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'Let's Go To Sam's….'
Published: Volume 13, Issue 4, July-August, 2005
Samovar became a bank, a home away from home, a post office for artists who had no address in the city.
- Devieka Bhojwani

City artists, writers, editors, architects, film stars, raise their voices as one, against the eviction of Café Samovar at the Jehangir Art Gallery, in Mumbai. The 40-year-old eatery is close to the heart (as also the stomach) of most of creative South Mumbai, perceives Shirin Mehta.

Columnist, author and hardcore Mumbaikar, Shobhaa Dé, wrote this in the Café Samovar guest book, after she took her family to the tea and lunch place, at the Jehangir Art Gallery, some years ago: ‘Samovar is not a café, it is an emotion. After today, I am certain it has found a niche in the hearts of my children too. Wouldn’t it be wonderful if someday they bring their kids here and say proudly, Oh…your grandmother used to love the mooli parathas here. And everything will be just the same….’

Not if the trustees of the Chhatrapati Shivaji Maharaj Vastu Sanghralaya (Prince of Wales Museum) which runs the Jehangir Art Gallery, have their way; nothing will have the chance to remain the same. Café Samovar, Mumbai’s sliver of an artists’ haunt, that has nurtured the city’s creative ethos in the heart of its architecturally excellent Kala Ghoda area, is facing a closure threat. In March, a show cause notice for eviction was issued by a government officer to restaurant owner, Usha Khanna, who filed a plea challenging the eviction action by the museum’s board of trustees. Samovar had faced similar threats before, in 1974 and 1981. At last count, the Jehangir Art Gallery had asked the café to pay Rs 20 lakh for ‘illegal occupation of space belonging to the gallery’.

The flood of letters and memories, albeit orchestrated by Khanna’s energetic daughters, Devieka Bhojwani and Malavika Sangghvi, that this unfortunate event has unleashed, is a true measure of what this 40-year-old café, dubbed Sam’s by its regulars, means to Mumbai’s creative world. Samovar has indeed been a refuge for the young, the upcoming, broke dreamers who came to the city looking to make a name and find their fortune. It is in fact part and parcel of Mumbai’s ‘City of Gold’ flavour. Khanna recalls the time when veteran artist, K H Ara, with little money in his pockets, announced his passion for baingan ki bhaji, and she had it made fresh and hot in the Samovar kitchen. “Samovar became a bank, a home away from home, a post office for artists who had no address in the city,” says Bhojwani, leafing through a file of letters from well-wishers. These are being sorted to be stuck on the walls, opposite the monsoon gumboots overflowing with money plants.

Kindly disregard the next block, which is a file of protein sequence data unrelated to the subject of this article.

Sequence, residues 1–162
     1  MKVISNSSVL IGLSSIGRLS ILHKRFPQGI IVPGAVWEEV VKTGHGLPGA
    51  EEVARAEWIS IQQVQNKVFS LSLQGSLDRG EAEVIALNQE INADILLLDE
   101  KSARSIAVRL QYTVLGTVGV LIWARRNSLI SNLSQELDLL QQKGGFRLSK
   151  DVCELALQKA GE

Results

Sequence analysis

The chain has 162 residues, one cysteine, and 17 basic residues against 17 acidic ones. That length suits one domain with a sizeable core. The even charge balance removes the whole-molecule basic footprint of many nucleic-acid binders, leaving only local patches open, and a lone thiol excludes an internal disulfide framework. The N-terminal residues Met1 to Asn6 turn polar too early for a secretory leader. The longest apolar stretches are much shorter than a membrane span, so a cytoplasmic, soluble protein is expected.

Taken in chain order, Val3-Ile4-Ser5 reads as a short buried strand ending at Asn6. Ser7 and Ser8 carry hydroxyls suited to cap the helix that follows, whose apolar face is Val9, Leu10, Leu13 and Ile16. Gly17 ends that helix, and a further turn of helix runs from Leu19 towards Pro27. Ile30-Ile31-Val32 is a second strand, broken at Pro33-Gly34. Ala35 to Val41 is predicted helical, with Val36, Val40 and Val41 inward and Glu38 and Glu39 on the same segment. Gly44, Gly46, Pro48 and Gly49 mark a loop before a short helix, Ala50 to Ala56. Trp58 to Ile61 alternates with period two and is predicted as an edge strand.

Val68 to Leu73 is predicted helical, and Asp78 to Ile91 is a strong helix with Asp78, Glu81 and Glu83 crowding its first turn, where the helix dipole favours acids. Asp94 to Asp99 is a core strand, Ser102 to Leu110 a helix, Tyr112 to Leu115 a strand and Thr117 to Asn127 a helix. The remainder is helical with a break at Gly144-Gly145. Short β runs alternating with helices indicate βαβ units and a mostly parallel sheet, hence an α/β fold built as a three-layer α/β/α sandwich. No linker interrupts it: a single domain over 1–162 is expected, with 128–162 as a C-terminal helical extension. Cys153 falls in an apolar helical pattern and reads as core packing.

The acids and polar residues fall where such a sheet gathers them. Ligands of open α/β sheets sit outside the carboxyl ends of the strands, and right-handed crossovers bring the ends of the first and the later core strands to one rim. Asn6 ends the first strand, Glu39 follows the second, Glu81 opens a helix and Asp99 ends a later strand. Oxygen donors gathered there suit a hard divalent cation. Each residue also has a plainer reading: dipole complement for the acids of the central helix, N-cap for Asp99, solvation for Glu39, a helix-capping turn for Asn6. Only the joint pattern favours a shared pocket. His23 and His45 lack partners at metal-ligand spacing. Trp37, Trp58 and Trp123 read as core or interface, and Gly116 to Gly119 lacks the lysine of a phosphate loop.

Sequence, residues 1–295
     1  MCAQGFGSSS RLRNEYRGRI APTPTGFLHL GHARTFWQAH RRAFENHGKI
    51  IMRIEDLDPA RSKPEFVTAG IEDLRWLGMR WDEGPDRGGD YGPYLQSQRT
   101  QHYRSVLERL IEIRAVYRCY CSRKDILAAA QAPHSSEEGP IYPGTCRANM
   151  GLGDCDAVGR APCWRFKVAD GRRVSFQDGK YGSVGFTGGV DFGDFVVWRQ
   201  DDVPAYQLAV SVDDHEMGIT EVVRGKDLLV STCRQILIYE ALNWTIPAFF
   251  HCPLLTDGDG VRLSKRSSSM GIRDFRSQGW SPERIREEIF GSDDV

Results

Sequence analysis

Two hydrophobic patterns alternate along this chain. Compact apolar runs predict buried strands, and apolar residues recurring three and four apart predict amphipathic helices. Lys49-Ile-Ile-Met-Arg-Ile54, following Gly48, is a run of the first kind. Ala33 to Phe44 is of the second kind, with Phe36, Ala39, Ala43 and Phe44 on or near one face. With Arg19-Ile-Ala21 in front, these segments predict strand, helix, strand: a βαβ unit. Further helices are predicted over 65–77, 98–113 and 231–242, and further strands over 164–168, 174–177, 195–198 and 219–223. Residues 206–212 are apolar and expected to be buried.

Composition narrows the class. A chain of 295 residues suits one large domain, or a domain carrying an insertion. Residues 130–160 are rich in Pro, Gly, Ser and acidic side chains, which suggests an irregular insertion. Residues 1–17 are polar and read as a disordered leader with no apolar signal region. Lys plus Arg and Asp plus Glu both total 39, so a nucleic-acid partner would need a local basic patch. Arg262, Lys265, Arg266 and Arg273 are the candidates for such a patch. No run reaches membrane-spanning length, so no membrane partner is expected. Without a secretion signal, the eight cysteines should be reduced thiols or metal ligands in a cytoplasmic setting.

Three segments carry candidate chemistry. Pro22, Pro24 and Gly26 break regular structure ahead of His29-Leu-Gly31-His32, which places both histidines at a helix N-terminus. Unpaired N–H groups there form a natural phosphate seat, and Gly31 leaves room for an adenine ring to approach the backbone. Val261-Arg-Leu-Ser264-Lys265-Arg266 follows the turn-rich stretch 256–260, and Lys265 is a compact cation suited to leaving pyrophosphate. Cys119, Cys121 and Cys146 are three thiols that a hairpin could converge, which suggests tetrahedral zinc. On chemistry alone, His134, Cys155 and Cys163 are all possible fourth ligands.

“It was my mother’s rule that no one be thrown out of Samovar; you can sit here the entire day if you wish. She made us promise that nothing will change. Keep the prices low and the simplicity must always remain, she maintained. We don’t want to be another restaurant in Mumbai, we want to be Samovar. It is so tragic that the gallery is not seeing what an important role Samovar has played as a cultural melting pot,” says Bhojwani.

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